SPM is made freely available to the (neuro)imaging community, to promote collaboration and a common analysis scheme across laboratories. The software represents the implementation of the theoretical concepts of Statistical Parametric Mapping in a complete analysis package.
SPM (being the collection of files given in the manifest in the Contents.m file included with each distribution) is free but copyright software, distributed under the terms of the GNU General Public Licence as published by the Free Software Foundation (either version 2, as given in file spm_LICENCE.man, or at your option, any later version). Further details on "copyleft" can be found at http://www.gnu.org/copyleft/. In particular, SPM is supplied as is. No formal support or maintenance is provided or implied.
SPM8 was released in April 2009 and represents a major update to the SPM software, containing substantial theoretical, algorithmic, structural and interface enhancements over previous versions:
Previous versions are still available for download, however you should prefer the most recent one:
- SPM5: http://www.fil.ion.ucl.ac.uk/spm/software/spm5/
- SPM2: http://www.fil.ion.ucl.ac.uk/spm/software/spm2/
- SPM99: http://www.fil.ion.ucl.ac.uk/spm/software/spm99/
- SPM96: http://www.fil.ion.ucl.ac.uk/spm/software/spm96/
You need the following to run SPM on your computer:
- MATLAB: MATLAB is a high level numerical mathematics environment developed by MathWorks, Inc. Natick, MA, USA. SPM requires only core MATLAB to run (no special toolboxes are required). See this page for more details.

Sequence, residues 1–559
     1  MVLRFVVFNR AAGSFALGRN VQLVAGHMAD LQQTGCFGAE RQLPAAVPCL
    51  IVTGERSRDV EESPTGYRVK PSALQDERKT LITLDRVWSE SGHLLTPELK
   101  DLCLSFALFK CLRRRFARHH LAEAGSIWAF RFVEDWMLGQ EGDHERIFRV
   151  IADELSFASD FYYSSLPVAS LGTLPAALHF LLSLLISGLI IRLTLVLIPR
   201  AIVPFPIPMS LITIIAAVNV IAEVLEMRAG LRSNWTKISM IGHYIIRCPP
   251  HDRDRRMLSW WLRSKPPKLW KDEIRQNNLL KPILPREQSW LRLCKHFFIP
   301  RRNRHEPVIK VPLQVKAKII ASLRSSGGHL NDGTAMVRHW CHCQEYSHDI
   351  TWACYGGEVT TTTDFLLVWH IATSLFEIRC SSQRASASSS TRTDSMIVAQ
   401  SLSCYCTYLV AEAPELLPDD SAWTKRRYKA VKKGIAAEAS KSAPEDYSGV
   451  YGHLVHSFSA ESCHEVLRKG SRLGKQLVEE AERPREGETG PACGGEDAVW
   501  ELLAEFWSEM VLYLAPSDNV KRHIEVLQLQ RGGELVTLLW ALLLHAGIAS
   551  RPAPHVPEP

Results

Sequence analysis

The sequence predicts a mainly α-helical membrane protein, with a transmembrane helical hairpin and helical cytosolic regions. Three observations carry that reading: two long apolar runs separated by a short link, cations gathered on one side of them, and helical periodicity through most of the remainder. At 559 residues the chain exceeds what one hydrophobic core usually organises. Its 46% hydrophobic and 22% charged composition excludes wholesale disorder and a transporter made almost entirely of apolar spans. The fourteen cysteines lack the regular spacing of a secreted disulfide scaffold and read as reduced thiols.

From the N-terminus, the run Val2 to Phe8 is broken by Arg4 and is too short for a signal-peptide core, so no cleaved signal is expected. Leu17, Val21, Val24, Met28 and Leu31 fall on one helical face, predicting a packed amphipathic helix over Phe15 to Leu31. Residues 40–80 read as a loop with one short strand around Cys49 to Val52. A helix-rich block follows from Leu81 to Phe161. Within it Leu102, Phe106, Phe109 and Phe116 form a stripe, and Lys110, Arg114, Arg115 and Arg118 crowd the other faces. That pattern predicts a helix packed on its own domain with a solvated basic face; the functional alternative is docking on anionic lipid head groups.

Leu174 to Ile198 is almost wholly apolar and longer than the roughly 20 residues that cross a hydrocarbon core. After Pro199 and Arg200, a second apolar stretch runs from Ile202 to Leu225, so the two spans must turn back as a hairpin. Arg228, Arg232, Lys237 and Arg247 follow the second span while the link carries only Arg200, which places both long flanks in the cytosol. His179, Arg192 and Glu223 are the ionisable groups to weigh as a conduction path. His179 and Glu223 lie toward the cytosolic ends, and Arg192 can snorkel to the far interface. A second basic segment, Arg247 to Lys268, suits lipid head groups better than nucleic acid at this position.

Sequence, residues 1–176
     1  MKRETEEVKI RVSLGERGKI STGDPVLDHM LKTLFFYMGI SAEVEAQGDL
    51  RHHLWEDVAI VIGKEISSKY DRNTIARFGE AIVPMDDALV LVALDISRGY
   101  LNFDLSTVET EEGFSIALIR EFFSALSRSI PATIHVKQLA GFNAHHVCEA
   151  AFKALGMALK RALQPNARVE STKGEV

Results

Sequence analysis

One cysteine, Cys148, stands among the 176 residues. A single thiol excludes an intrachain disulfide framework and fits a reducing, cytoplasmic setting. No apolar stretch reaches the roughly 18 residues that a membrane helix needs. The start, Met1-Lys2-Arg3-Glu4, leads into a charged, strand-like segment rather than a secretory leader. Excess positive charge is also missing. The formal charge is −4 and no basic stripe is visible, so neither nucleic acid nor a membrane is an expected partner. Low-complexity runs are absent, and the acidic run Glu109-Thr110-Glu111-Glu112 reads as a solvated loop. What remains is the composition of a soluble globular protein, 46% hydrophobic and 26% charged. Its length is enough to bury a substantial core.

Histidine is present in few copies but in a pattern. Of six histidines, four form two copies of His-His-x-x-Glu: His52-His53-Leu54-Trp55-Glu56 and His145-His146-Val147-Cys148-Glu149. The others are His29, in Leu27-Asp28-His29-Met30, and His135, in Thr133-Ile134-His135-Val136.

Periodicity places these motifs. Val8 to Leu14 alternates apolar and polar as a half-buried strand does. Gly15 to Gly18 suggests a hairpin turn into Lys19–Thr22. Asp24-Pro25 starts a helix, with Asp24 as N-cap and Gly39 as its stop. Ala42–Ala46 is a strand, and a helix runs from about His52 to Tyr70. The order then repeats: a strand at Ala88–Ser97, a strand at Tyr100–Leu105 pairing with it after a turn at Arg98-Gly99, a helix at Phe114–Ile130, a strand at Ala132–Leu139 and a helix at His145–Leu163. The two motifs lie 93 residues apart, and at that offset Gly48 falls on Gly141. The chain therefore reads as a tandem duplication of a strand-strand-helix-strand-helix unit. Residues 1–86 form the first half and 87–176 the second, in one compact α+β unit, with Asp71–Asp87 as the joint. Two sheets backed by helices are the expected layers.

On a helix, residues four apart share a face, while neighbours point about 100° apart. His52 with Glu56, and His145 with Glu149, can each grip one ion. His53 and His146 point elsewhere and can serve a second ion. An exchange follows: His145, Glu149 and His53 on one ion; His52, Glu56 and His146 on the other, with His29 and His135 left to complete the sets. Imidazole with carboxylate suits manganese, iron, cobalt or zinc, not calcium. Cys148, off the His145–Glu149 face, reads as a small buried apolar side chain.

- SPM also uses external C programs, linked to MATLAB as C-mex files, to perform some of the more computationally intensive operations. Pre-compiled binaries are provided with the distribution for Linux (*.mexglx, *.mexa64), Windows (*.mexw32, *.mexw64) and Mac (*.mexmac, *.mexmaci, *.mexmaci64). Hence, most of the time, SPM will work immediately using these binaries; in some instances, you might have to recompile them for your own architecture, details are provided here for each platform.
- SPM8 uses the NIFTI-1 file format for the image data. All images are written as NIFTI-1, but it will also read the old Analyze format used by SPM2. Tools are provided to import data from DICOM, MINC and ECAT7. SPM8 also uses the GIfTI file format for surface-based data.
SPM is freely available, but you will be asked to complete a registration form prior to downloading. Having completed the form, you will be directed to the download location.
- On Unix/Linux, use unzip SPM.zip or tar xvfz SPM.tar.gz
- On Windows, use 7-Zip (free and powerful file archiver) or any other archive software that you might already have installed.
- On Mac, double-click to unpack the archive
Then launch MATLAB and add SPM to MATLAB's path:
>> addpath C:/software/matlab/spm
SPM is now ready to use:
Managing your MATLAB path
To ensure SPM is automatically on your MATLAB path in the future, you can either use the command
and save the path, or (better, if you have multiple MATLAB versions) you can edit your MATLAB startup file to include the above addpath command.
(Expert tip: since the startup file can be a general MATLAB script/function you could consider more elaborate things like bringing up a GUI window with a choice of SPM versions to add to the path.)
SPM updates are made from time to time and advertised on the SPM mailing list. They can be downloaded from the following addresses:
On Unix systems (Linux, Mac), use this command line syntax to install the updates
unzip -o spm8_updates_rxxxx.zip -d spm8
On other platforms, just unpack the update archive over your SPM installation so that newer files overwrite existing files.
A list of SPM toolboxes and extensions is available on the SPM website: http://www.fil.ion.ucl.ac.uk/spm/ext/.
To install one of them, follow the instructions probably provided with the package. It usually consists in simply copying the functions into a subdirectory of the toolbox directory of your SPM installation.